The weaponry on display is impressive and it’s assumed that what is shown is all weapons that the organization doesn’t necessarily need. They even have an American-made TOW missile system, which my guides declined to comment on. The bunkers and firing positions on the hilltop at Mlita are striking in that they still exist, despite Mlita being one of the most bombed bases in the “Tofah” region behind Nabitiyeh where Hezbollah mounted raids and attacks on the Israeli-occupied areas of southern Lebanon up until Israel’s 2000 withdrawal.
There are healthy doses of propaganda though, especially from the appointed guides (one of mine also happened to be a Celtics fan!) and inside of a building that boasts tins of captured Israeli tuna fish and a map detailing strategic points of interest within Israel.
The thing is though, Mlita is put together well, in a way that few museums or sites in this region are. Besides the propaganda (which was slightly more thoughtful than say, what you get at the military museum in downtown Damascus or at Port Said’s museum paying tribute to Egyptian troops) Mlita clearly stands apart. This wasn’t put together hastily.
The “educational park” is just the beginning though. What do we have in store? Well, I was told that a hotel, telefrique cable car (just like in Jounieh!) and a paintball facility among other things are in the works. These projects underline Hezbollah again working to provide for the citizens of southern Lebanon what they do not have. While most of this work goes into hospitals and schools, now it’s being turned to entertainment, saving residents a long and costly trip up north to Beirut or further.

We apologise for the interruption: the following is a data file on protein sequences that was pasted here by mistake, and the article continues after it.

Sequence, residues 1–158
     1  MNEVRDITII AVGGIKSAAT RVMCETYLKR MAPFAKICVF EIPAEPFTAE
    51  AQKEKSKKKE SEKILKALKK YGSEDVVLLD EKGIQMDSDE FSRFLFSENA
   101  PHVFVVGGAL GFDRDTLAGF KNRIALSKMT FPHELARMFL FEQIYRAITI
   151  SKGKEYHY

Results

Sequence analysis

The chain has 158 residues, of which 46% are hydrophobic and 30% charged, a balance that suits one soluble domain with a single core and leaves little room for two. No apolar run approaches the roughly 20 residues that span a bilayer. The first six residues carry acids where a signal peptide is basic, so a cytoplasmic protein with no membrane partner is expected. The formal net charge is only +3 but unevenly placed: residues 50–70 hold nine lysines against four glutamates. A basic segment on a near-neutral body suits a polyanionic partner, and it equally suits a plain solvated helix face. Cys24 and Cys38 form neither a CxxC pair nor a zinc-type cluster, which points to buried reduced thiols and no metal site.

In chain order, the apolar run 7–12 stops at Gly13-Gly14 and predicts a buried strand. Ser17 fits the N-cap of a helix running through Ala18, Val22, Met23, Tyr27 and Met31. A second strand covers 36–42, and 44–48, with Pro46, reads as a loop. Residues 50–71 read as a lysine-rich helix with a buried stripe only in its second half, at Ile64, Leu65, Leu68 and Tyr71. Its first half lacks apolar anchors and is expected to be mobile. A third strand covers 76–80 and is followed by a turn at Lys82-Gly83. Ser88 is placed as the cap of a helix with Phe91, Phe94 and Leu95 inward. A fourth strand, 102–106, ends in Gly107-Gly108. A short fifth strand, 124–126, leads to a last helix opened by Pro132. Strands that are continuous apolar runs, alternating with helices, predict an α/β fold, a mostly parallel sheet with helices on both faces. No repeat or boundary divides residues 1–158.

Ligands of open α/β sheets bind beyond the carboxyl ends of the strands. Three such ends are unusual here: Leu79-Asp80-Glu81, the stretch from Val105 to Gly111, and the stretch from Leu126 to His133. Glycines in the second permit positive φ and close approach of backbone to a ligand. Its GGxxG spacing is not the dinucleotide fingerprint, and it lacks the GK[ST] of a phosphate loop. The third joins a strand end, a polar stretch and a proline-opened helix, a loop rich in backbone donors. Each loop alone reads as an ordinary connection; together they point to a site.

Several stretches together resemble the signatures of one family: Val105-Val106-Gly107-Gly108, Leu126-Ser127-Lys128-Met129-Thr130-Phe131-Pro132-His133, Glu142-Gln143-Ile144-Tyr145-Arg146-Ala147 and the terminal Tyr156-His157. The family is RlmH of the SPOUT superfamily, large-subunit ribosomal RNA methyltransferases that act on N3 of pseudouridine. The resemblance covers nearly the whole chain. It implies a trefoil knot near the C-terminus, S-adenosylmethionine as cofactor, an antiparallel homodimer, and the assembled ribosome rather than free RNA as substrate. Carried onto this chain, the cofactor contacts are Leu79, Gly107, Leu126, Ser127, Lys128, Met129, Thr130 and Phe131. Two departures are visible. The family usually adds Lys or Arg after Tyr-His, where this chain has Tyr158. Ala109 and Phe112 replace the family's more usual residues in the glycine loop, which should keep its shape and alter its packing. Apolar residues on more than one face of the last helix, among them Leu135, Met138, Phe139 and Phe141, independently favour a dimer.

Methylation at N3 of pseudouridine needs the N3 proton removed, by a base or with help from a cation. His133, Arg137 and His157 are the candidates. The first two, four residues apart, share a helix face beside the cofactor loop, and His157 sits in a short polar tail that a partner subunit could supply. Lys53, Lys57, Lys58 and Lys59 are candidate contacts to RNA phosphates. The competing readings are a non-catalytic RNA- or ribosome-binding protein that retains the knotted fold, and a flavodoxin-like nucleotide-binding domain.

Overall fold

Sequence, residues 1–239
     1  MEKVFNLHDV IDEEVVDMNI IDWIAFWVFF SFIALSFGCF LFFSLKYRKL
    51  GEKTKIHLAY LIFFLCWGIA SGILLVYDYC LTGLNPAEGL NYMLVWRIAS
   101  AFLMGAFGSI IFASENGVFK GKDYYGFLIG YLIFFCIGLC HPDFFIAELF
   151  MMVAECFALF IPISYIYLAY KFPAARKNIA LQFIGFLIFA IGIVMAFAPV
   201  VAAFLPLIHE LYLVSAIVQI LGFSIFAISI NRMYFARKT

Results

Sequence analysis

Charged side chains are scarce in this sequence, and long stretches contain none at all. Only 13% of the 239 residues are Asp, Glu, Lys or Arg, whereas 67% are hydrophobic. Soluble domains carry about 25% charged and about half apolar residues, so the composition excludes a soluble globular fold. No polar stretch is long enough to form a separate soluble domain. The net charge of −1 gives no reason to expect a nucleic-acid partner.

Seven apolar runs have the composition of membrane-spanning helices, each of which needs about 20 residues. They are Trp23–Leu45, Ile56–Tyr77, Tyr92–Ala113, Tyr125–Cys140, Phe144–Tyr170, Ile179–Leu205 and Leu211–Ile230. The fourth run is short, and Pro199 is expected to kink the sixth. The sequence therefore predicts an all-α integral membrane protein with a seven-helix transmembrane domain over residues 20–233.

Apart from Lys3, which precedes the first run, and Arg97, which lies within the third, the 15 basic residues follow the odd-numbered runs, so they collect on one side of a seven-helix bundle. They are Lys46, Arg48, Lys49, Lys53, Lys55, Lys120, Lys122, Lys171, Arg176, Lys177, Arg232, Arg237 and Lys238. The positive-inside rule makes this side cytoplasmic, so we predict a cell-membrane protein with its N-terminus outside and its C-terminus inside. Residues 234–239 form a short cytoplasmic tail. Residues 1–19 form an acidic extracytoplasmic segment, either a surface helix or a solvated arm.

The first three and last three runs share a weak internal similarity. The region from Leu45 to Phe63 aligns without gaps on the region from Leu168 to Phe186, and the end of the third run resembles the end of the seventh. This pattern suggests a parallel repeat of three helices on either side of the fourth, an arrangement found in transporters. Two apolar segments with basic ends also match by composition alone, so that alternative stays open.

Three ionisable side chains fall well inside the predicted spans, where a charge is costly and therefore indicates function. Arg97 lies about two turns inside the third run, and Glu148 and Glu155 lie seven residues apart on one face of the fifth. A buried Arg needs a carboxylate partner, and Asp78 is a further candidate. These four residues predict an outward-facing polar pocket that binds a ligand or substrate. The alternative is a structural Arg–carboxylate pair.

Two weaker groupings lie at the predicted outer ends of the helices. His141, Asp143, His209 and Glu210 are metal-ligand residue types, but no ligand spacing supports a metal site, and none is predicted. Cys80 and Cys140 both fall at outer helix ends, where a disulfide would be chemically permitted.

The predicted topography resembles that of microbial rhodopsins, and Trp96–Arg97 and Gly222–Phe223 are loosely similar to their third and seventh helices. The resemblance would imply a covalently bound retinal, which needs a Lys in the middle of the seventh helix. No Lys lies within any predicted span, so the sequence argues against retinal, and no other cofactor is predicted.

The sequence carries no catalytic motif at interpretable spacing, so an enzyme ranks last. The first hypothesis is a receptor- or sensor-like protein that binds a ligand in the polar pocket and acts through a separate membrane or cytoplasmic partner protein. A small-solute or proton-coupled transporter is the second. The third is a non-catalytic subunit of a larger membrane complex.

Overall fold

So far, Mlita has seemingly been quite popular and looks to continue to be so.
While the officials there told me that they want to get more Westerners to visit, there are going to have to be some changes to get Mlita listed in Lonely Planet. On my first trip down there with freelancer Theo May (who is, by the way, walking the route of Alexander the Great’s conquests, including the rough spots. He’s currently in Gaza and Baghdad bound in a few months) we decided to take the scenic route cutting south from Jezzine. Wrong decision. Someplace in the vicinity of Sojud (where Hassan Nasrallah’s son Hadi was killed by an Israeli mortar round in 1997) we stopped our little rental Picante and asked directions from a local man who turned out to be Amal. As we were detained for quite a while while they sifted through our cameras and Theo’s laptop and demanded to know what we were doing there, a minivan pulled up and asked the same question, but alas as they weren’t obviously foreign were shown right along. You can read an account of all this up at Theo’s blog here.
The southern route taking the major highways to Nabitiyeh is clearly marked and most likely less problematic. Just don’t make a wrong turn if you’re not local.
I’ve got some more pictures of Mlita and will upload when Lebanon’s awesome internet speeds allow.